Can You Record Vocals In A Car? Let’s Find Out!


When recording, the common aim is to capture vocals with as much clarity and isolation as possible. Vocal booths are used for this purpose. It’s not always possible to access one, so singers and engineers may need to get creative.

Can you record vocals in a car?

Cars have the required attributes to make an effective vocal booth. The relatively small space, sound-absorbent materials, and the lack of parallel surfaces which could result in standing waves make a car a realistic possible location where you can record vocals.

Granted, just because you can record vocals in a car, doesn’t mean there aren’t other factors to consider.

Recording vocals in any setting requires pre-planning and establishing the results you’re aiming for. Although a car can be an effective place to record vocals, this will be impacted by the specifics of the vehicle, its materials, and dimensions, which I will discuss in detail in this article.

Recording Vocals In A Car: The Essentials

To record vocals with pristine clarity, you need an environment that absorbs and isolates the sound.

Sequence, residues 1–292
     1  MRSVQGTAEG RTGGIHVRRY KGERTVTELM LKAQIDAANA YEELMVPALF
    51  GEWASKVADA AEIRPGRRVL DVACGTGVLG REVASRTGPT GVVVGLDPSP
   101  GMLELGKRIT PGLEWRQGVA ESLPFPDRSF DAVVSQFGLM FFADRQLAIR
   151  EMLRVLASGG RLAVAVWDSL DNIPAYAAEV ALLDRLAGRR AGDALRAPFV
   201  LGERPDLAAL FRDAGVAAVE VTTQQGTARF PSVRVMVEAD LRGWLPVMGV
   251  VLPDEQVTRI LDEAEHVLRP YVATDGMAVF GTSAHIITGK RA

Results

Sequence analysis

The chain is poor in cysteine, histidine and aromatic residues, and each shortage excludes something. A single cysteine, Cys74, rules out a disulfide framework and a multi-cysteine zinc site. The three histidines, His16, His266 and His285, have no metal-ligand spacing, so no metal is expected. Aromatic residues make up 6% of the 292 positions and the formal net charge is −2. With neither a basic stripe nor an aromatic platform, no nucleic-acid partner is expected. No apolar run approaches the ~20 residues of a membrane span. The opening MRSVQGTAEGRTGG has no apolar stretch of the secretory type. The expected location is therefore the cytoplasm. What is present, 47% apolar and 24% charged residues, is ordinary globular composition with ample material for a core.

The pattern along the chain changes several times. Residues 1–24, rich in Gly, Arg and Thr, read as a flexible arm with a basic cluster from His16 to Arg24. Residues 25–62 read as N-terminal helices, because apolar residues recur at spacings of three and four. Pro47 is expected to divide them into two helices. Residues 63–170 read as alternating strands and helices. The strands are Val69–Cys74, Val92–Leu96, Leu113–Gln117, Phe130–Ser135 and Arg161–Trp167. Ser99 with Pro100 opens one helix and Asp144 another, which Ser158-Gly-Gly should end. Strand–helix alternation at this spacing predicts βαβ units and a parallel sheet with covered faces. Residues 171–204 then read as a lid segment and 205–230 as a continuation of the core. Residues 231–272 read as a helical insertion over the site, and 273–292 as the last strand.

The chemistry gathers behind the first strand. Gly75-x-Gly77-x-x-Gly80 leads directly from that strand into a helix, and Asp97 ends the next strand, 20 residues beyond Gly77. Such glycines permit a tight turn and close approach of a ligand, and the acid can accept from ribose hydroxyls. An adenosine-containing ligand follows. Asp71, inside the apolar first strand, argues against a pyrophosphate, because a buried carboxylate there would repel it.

If you’re going for a vocal sound that is airy and distant, then a car probably isn’t the best option. However, if you want to capture tight and clear vocals without needing to access a recording studio booth, a car is a great solution.

Technically speaking, you can record vocals anywhere.

The problem with just setting up a microphone without considering the acoustic environment is that you are likely to end up with unwanted noise in your recordings, or certain frequencies becoming too harsh or too weak.

Acoustics are often overlooked by bedroom musicians, but they do play a pivotal role in the final recording.

Indeed, it needs to be stated that all cars are different.

The materials used for the seats, for example, will dramatically alter the acoustics within the car. Leather seats are unsuitable for recording, as they will reflect the sound and cause sonic chaos. Cloth or fabric seats, on the other hand, are better suited due to their ability to absorb the sound.